AOW at 66 in 2020 still on cards
The Dutch minority government that came to power in October - led by the liberal party VVD and the Christian Democrats - has said it will continue the process of increasing the official retirement age for the largely pay-as-you-go state pension AOW from 65 to 66.
However, the coalition - which is being "tolerated" by the anti-immigration Freedom Party (PVV) for the time being - has yet to spell out exactly when this increase is supposed to occur. Considering the fact the PVV opposed any increase in its election manifesto, it is unlikely to happen any time soon.
The coalition has also proposed linking the AOW age to life expectancy and announced that it intends to limit tax benefits for the capital-funded second and the third pillar by 2013.
But the new government will need to consider the views of the social partners of employers and employees, who agreed last summer that the AOW age should increase to 66 in 2020 and become "flexible" - with retirement at 65 still an option (albeit with a 6.5% benefits cut). They also agreed that the retirement age for additional pensions should remain flexible and be linked to life expectancy, adding that this would probably lead to an increase to 67 in 2025.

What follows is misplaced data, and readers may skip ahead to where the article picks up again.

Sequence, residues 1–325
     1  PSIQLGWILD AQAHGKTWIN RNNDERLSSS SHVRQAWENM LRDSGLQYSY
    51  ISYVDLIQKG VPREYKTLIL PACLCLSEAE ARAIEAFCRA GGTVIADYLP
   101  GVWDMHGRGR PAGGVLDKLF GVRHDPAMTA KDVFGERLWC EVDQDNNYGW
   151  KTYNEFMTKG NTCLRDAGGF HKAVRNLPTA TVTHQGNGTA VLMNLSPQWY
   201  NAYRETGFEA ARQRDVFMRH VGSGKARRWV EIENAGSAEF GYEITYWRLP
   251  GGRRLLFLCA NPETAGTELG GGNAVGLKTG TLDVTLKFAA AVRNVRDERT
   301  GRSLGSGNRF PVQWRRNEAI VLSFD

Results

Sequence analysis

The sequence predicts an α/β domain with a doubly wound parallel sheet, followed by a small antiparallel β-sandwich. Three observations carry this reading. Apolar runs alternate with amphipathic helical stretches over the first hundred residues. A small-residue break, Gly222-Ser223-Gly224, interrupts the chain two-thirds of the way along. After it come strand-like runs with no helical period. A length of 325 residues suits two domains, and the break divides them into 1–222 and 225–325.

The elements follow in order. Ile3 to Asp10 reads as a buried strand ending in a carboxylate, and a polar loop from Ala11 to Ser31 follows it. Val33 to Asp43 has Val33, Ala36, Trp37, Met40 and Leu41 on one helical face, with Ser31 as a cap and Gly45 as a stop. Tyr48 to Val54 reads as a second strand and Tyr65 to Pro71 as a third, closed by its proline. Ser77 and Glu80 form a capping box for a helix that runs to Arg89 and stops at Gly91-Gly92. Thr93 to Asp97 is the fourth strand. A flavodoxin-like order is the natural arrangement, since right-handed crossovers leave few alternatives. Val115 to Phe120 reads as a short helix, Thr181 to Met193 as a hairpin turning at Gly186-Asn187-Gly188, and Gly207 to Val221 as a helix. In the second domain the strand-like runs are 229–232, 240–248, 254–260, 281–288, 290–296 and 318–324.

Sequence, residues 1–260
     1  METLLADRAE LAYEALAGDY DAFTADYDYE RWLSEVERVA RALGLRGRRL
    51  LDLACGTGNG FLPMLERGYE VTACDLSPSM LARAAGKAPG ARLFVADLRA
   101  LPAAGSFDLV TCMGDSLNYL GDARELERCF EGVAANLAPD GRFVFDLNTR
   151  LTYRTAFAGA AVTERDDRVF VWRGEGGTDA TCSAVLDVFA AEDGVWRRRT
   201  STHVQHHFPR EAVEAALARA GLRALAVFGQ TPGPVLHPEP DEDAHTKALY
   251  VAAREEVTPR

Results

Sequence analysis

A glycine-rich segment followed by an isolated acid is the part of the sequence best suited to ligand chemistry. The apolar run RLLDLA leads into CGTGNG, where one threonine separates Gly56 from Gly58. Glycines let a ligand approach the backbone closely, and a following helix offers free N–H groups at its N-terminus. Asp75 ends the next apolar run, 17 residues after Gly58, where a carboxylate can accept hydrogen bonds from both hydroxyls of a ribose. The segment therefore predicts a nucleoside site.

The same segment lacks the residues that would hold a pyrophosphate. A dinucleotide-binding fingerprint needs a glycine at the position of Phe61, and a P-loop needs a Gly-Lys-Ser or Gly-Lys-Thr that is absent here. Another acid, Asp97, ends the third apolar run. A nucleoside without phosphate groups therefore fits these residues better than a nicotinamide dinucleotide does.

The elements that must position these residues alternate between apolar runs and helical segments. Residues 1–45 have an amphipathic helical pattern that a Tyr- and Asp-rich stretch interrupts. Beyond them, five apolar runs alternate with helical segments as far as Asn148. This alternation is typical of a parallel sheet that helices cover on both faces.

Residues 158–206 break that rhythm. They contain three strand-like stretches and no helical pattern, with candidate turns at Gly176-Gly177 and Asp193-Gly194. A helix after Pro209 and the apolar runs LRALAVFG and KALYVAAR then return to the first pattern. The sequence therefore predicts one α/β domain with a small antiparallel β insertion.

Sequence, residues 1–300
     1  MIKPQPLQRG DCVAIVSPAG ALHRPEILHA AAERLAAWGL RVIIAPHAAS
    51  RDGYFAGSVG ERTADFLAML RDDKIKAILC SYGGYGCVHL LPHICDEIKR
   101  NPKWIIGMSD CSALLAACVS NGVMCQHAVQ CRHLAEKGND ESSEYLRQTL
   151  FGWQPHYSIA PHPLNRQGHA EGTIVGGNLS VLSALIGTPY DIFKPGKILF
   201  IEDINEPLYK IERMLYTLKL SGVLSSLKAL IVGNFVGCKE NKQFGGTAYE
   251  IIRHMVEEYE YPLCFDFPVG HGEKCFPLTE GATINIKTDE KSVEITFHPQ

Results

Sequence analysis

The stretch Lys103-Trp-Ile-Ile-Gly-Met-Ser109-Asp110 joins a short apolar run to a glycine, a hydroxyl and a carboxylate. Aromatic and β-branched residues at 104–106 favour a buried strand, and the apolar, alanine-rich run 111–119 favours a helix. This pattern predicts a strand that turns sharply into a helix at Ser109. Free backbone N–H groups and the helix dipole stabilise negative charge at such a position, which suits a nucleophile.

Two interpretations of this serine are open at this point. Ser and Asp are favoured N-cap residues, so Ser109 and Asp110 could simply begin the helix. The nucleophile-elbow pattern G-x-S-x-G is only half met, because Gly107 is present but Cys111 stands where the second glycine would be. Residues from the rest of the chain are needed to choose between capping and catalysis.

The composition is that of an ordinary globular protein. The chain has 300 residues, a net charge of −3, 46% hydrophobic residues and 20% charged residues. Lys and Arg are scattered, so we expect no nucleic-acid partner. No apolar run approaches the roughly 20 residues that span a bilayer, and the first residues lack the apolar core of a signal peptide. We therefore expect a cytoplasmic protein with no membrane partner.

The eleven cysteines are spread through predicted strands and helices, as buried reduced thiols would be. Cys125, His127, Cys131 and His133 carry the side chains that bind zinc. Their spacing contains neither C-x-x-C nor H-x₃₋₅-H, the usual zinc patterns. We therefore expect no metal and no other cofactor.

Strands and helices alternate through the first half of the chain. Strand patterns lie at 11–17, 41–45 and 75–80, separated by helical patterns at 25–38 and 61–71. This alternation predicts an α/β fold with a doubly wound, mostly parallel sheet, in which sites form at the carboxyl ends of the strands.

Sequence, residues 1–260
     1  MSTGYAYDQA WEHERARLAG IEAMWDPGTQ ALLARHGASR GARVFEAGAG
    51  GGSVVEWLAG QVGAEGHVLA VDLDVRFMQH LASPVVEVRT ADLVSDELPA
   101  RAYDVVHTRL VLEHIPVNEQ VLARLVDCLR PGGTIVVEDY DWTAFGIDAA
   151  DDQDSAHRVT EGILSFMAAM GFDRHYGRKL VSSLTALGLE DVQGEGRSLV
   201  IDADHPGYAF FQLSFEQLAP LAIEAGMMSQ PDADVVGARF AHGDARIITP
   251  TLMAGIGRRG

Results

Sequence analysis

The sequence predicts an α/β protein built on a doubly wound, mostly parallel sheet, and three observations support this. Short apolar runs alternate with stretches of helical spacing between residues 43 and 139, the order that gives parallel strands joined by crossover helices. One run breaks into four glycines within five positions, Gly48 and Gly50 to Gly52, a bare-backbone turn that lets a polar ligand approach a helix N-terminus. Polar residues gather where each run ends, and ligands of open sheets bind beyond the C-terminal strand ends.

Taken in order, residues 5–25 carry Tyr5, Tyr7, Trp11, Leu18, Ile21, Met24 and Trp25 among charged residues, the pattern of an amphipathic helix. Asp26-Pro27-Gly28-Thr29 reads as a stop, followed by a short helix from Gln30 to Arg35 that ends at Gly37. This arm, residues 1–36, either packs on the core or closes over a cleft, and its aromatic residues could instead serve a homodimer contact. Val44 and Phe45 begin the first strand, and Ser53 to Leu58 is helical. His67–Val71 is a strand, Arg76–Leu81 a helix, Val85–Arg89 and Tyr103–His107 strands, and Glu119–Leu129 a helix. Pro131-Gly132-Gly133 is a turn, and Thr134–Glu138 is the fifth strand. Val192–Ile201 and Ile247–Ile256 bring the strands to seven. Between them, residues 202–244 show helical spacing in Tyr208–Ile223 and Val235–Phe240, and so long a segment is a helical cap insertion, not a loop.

Their agreement came after the previous government decided to raise the retirement age for the state pension AOW from 65 to 67 within 15 years, indicating that it would change the fiscal treatment of second and third-pillar pensions in a similar way.
The new "tolerated government" has said it will merge the tax-friendly saving schemes spaarloon and levensloop into a new "vitality" scheme, which will provide support for care duties, education, a part-time pension or the start of a company. However, the coalition has already decided the new saving plan can no longer be used for early retirement.
Under the present life course scheme, employees can save as much as 12% of their gross salary each year - up to a maximum of 210% - for parental and sabbatical leave, as well as for care leave and education. Although the main aim of the scheme was to discourage early retirement, it is still possible to take out money for this very purpose. However, the take-up of the life-course scheme has barely exceeded 10%, most likely due to its complexity and the fact employers have to agree that leave can be taken.
The spaarloon allows workers to save a maximum of €613 a year tax free, which can be spent for any purpose after four years. That said, the government has recently abandoned the time limit to encourage domestic consumption.
In the opinion of Sweder van Wijnbergen, professor of economics at Amsterdam University, an increase of the AOW age to 66 in 2020 will be too little and far too late to counter the financial impact of an ageing population. He said: "It is also very likely the new government will wait until 2019 before taking measures, rather than starting now with a gradual introduction."